I now want to move on to the statement from the Prime Minister on March 10, which the member for Portage—Lisgar referred to. This was in reference to a question from the member for Aurora—Oak Ridges—Richmond Hill who asked:
     Is it the Prime Minister's position that no one made him aware of the allegations of misconduct against General Vance three years ago?
    The Prime Minister replied, stating:
    Mr. Speaker, my office was aware of the minister's direction to the ombudsman to follow up with appropriate authorities, but my office and I learned of the details of the allegations over the past months only.
    Again, that statement is entirely consistent with the facts. The member for Portage—Lisgar referred to an exchange in question period from March 24, in which the Prime Minister stated:
    Mr. Speaker, allegations of sexual misconduct or inappropriate behaviour need to be followed up by the appropriate authorities, and that is exactly what happened in this case. The ombudsperson was directed toward the right people in terms of following up on an investigation. The ombudsperson was not able to share further information with the investigators and, therefore, the investigation did not move forward.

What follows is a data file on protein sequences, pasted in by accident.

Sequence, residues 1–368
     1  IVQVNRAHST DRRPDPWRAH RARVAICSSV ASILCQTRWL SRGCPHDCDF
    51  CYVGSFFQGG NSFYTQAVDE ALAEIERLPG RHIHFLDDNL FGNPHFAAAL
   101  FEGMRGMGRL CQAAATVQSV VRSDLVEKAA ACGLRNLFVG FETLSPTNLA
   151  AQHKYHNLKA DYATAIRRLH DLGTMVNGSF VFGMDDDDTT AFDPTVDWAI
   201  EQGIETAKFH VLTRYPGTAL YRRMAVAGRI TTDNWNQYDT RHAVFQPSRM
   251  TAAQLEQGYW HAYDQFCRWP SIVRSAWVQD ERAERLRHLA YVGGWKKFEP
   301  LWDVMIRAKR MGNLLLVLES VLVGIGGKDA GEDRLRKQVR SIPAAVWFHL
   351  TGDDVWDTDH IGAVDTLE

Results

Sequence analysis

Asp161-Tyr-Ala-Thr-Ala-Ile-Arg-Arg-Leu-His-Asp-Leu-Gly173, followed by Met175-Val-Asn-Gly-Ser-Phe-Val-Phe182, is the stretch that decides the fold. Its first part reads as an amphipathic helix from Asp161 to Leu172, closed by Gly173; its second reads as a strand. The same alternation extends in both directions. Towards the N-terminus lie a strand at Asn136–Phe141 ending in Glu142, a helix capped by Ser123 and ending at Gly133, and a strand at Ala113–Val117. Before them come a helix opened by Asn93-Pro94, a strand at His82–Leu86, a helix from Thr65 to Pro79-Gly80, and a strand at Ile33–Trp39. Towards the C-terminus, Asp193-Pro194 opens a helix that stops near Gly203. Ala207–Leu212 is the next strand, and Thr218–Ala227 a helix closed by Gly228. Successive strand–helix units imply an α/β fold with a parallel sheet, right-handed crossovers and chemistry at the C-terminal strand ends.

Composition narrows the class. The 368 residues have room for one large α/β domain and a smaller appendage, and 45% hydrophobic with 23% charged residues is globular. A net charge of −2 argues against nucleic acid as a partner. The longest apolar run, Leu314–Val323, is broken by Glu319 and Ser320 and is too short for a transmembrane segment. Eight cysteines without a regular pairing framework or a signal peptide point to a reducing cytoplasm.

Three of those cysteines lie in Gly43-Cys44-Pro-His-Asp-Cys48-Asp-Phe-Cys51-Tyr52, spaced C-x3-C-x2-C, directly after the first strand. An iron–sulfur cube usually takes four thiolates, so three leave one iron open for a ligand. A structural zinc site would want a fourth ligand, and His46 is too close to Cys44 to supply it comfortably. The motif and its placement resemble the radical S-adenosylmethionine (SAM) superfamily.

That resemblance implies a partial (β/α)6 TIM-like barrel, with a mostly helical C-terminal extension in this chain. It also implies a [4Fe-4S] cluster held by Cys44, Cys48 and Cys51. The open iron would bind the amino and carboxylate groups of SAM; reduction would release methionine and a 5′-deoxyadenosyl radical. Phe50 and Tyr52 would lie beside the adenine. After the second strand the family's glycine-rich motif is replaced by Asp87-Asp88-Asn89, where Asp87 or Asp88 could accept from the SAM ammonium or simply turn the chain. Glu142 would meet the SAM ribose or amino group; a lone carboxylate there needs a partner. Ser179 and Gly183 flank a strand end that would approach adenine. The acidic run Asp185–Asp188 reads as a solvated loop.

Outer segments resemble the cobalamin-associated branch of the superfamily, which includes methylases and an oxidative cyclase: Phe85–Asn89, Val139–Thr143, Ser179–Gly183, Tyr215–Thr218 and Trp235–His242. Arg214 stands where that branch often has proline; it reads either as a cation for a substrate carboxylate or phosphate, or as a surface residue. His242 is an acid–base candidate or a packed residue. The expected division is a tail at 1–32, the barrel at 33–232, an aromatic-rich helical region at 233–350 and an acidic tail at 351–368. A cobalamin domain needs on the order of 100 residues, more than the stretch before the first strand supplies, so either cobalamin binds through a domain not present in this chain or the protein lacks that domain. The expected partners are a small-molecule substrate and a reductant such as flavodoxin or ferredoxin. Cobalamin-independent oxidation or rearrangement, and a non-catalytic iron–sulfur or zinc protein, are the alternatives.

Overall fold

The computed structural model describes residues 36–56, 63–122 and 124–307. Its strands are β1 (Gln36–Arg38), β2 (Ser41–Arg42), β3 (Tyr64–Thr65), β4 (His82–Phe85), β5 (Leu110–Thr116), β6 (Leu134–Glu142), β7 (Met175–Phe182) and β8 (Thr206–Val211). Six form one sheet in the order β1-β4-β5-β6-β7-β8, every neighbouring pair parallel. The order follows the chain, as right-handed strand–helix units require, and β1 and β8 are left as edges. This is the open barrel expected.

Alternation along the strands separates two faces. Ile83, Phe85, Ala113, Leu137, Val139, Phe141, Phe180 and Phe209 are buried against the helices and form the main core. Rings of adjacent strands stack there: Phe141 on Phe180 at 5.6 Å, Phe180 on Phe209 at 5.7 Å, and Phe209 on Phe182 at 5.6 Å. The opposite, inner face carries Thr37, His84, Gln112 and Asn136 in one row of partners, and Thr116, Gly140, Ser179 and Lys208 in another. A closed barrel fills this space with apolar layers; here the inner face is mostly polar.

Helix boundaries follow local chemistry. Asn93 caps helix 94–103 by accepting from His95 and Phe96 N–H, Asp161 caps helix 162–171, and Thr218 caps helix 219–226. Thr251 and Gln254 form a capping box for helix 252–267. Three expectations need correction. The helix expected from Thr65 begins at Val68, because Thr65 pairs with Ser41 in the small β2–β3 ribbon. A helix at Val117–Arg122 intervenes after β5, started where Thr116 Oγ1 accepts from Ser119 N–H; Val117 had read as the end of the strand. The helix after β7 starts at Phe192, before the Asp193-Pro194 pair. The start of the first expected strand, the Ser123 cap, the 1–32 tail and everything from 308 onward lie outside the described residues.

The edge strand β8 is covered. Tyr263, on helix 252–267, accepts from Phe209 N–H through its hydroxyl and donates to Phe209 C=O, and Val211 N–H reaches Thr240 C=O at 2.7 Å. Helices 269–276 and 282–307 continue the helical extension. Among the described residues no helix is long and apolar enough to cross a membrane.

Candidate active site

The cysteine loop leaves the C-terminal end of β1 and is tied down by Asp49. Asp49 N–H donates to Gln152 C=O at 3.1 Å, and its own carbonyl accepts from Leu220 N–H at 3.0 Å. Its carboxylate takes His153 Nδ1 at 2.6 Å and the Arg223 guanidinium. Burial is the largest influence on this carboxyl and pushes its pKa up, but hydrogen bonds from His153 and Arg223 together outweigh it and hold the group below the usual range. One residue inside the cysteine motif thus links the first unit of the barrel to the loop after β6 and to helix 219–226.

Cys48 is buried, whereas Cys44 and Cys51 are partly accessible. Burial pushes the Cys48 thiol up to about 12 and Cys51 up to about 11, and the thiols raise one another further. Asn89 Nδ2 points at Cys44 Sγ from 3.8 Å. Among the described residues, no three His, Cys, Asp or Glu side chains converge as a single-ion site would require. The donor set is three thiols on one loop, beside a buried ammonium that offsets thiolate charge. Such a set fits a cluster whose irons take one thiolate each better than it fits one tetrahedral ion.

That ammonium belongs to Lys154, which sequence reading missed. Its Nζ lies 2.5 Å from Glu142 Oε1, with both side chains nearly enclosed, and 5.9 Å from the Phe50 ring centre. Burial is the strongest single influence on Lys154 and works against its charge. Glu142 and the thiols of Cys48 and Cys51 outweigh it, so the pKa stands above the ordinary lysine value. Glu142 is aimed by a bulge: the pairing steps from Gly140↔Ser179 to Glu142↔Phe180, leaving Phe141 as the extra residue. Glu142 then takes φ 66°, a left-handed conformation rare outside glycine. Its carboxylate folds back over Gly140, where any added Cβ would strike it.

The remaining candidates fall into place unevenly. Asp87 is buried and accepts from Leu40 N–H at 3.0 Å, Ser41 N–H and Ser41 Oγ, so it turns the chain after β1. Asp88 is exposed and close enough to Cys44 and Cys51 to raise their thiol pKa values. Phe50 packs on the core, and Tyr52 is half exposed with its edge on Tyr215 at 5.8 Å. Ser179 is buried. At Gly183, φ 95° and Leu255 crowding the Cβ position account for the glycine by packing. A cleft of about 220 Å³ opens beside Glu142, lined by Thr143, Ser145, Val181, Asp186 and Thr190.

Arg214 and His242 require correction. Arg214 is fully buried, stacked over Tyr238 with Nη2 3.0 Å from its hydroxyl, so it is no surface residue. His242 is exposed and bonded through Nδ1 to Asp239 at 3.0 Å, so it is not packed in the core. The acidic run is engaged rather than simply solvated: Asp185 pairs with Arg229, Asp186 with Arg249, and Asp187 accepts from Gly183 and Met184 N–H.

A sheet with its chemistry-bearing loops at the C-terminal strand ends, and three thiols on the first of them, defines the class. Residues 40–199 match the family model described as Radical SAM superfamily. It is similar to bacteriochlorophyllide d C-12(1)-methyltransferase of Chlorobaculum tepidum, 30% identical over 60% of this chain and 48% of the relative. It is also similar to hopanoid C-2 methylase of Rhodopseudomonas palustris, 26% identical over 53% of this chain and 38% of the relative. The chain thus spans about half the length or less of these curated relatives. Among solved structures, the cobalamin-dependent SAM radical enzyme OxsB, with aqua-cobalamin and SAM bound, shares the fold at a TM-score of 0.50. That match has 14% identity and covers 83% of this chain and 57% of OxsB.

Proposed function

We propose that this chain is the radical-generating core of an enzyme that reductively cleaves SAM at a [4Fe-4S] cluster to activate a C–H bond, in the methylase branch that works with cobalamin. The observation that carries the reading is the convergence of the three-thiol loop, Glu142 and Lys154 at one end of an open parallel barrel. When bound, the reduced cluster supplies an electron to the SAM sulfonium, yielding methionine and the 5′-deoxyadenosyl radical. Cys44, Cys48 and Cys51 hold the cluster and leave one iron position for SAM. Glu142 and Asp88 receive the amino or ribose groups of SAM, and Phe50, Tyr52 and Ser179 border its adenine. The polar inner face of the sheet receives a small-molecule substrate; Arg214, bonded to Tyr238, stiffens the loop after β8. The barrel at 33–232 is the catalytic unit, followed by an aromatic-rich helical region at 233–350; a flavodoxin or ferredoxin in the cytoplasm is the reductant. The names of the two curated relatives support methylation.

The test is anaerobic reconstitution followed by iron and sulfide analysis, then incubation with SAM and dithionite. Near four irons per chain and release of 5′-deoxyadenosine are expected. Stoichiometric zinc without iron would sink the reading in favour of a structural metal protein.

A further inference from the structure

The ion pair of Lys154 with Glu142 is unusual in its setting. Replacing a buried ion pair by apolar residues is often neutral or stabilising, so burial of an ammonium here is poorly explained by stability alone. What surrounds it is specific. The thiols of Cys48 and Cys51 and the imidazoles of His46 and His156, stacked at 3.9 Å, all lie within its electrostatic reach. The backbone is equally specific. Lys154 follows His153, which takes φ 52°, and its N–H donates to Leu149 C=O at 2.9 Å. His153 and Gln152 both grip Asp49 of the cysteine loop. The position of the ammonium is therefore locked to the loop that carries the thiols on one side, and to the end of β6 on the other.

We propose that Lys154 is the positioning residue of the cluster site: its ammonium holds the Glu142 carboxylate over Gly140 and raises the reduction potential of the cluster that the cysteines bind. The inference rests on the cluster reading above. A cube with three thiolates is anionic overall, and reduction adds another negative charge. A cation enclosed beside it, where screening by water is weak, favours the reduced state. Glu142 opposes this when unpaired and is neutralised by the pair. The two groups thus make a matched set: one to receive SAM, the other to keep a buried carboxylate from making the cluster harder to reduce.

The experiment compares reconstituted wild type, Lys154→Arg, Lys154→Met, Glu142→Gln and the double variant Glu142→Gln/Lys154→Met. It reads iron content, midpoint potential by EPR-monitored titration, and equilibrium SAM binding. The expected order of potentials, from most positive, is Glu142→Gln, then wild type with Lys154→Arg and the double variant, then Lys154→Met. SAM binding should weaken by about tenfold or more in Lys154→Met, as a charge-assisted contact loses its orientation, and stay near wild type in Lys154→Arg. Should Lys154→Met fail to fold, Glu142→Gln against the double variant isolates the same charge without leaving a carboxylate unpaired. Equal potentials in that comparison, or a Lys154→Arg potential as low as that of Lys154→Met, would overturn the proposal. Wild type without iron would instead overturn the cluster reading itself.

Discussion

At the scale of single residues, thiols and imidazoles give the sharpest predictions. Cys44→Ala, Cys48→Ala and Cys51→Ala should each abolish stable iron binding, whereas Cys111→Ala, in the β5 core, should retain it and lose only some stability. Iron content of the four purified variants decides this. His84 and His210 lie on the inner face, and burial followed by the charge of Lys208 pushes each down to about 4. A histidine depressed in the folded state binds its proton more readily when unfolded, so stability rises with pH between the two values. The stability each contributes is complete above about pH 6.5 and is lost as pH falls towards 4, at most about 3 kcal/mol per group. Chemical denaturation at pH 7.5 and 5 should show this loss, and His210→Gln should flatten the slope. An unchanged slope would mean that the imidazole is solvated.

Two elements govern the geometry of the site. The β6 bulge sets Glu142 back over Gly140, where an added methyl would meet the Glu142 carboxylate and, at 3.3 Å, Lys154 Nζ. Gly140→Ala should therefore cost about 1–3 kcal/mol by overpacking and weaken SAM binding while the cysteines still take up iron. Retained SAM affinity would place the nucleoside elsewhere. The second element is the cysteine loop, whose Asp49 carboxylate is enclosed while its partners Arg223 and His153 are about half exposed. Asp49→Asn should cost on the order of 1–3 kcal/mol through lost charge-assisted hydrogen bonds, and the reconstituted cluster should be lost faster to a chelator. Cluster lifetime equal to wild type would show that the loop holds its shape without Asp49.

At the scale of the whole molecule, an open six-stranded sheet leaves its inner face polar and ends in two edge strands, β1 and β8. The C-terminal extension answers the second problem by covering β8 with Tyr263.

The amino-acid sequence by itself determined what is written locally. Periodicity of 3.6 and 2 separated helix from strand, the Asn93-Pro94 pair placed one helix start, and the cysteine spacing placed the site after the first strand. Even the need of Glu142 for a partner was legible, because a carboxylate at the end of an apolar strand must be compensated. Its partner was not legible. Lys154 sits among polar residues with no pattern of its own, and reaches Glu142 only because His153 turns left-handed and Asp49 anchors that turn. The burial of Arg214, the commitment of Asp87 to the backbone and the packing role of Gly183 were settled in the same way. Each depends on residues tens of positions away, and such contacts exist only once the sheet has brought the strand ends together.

We will continue to take very seriously any allegations that come forward, as we always have. We will continue to work to ensure that there is a change in the culture and better systems in place.
    The member for Portage—Lisgar offered up this quote as an example that the Prime Minister, his staff, the Minister of National Defence and his staff had specific information about the nature of the allegations against General Vance in 2018. She stated that, “...the Prime Minister [was] speaking on March 24. I am going to repeat that. He even said, 'allegations of sexual misconduct'”. That is simply not the case. That is yet another example of the member playing fast and loose with the chronology of events and trying to use information out of context. In this instance, the Prime Minister commented in March 2021 about a situation from 2018 with added context about the nature of the allegation he informed the House about on February 24, 2021, which he learned from media reports in early 2021.


     The member for Portage—Lisgar completely misrepresented the Prime Minister's answer in the House on March 24.